on approaching reality through signs: the responsibility of anthropology

One of the questions for the final exam in my class on “Technology and Culture” asks for a discussion of one of Bourdieu’s rant against “constructivism” particularly as it applies to the sociology of science.  Once, he singled Latour and Woolgar’s ethnography of a biological research lab for possibly “reducing scientific demonstrations to mere rhetorical exhibitions”  (1998 [1994]: 94).  Joseph Lim, one of the students in this June 2009 class, took this question on.  He started with Baudrillard’s discussion of simulacra where the “sign replaces the real.”  Then, of course, science-as-sign ceases to be “real.”  Lim argues against this—as indeed one should for Baudrillard altogether misunderstands that signs are the only way for human beings to approach reality.  And then Bourdieu joins Baudrillard without noticing that, arguably, what Latour has been doing is putting analytic teeth in his own emphasis on, precisely, practice.

This made me think further about what Latour and, of course, Garfinkel before him, had done.  In a way they moved science (and all other “it’s” [things, epistemes?]) from the realm of platonic ideas to the realms of human practical productions that transform human conditions.  In this move they did not quite demonstrated that there may not be essences that human beings cannot directly apprehend.  Rather, they demonstrated that human beings, in their metaphorical cave, do not simply contemplate the shadows and wonder what they might be shadows “of.”  Human beings, always, work hard together to figure out what to do with their actual conditions in the cave.  In the process, they transform their cave and indeed their methods for figuring out the things that may be making shadows.  In this process, as Merleau-Ponty had understood (1969), (Saussurian) signs are the only, as well as the most powerful, tools at the disposal of human beings.  Signs never substitutes themselves to reality.  As anthropologists had to learn, though they did it early on, no human beings, together, has ever mistaken a prayer for successful hunt with a successful hunt.  So, I am quite sure, no scientist will ever mistake a statement of fact (a sign), or an argumentation that a fact is factual, with the fact itself (the experience the sign cannot quite capture).  Or, more precisely, in the collective conversations scientists have with each other (and this is to bring in the pragmatist correction to Saussurian structuralism), whether a statement of fact is to be taken as a fact “for all intent and purposes” will be a practical achievement that will last until it is demonstrated that the semiotic process was somehow invalid.

Methodologically, this means that, to access what we have found out our current representations do not quite catch, one does not proceed from deduction and definition to observation.  Rather, one proceed through another look at the practices that have led to any “it” (taken-for-granted-so-far) and the new skepticism about its “it-ness.”  “Perhaps,” we can imagine men discussing, “this is not the way to hunt this beast… Perhaps another set of hunting practices might be more successful and, by the way, do you notice that, this other set, might also allow us to ……”  Having looked carefully at the practices, one can then propose new statements of (practical) fact: “this process is (dis-)abling in these specific ways.”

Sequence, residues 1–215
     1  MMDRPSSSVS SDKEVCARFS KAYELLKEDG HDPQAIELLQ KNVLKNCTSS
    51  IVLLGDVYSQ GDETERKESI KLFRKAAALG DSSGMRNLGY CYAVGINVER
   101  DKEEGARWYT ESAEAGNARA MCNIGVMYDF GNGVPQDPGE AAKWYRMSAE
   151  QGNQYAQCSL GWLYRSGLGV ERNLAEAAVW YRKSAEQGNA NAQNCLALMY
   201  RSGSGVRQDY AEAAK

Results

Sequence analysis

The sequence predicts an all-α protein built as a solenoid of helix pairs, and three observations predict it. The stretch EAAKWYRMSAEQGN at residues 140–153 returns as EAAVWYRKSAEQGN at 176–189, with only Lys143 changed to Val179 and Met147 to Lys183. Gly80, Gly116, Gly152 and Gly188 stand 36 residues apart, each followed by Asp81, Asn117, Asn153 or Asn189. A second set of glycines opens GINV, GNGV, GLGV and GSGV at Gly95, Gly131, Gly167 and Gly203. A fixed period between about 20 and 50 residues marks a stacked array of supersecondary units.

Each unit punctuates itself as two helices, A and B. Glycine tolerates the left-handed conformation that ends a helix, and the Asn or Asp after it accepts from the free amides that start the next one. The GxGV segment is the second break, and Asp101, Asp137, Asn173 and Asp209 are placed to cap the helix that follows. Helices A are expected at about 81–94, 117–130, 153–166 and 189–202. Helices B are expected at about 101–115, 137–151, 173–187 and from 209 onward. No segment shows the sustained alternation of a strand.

And so, approaching science (schooling, etc.) in a semiotic (interactional, conversational) way is not to critique the standing of science as a particular form of human knowledge, and probably a privileged one for certain human purposes.  It is, on the contrary, to participate in its further development as, precisely, “science.”  My favorite example is to be found in Jane Goodall  work on chimpanzees: By highlighting certain semiotic processes (men looking at males and privileging their activity), and then by shifting these (as a woman looking at females), our collectivity (polity, community of practice) was led to a more scientific view of chimpanzee social structure.

Thus the responsibility of anthropologists is to demonstrate just how signs-in-particular-conversation proceed, and to do so in such a way that scientists in other fields find their work useful for their own.

One thought on “on approaching reality through signs: the responsibility of anthropology”

  1. One of the criticisms that (natural) scientists have against (social) scientists is that social scientists tend to misunderstand their (natural) practice by interpreting it through their own theoretical (postmodern, feminist, Marxist, postfeminist, whatever that means) lens. While reading Latour, I was fascinated by the “Science Wars” (http://en.wikipedia.org/wiki/Science_wars), during which he himself was criticized, although perhaps unfairly.

    Latour’s book “Politics in Nature” takes on the Platonic cave head on, where he critiques, and then reinterprets, the metaphorical cave. In it, he discusses the paradoxical role that scientists play when it comes to who can talk about science. Like the Ph.D comic I sent you (http://www.phdcomics.com/comics/archive.php?comicid=1174), the cycle of scientific ideas through academic journals and through the mass media can be very different and frustrating.

    Perhaps Bourdieu and Baudrillard failed to take into account the diachronic aspect of scientific practice, and that, if you only take a snapshot of a semiotic domain, it can appear as if the sign has taken over the reality. But by taking a more historical view, the actual practice unfolds more clearly.

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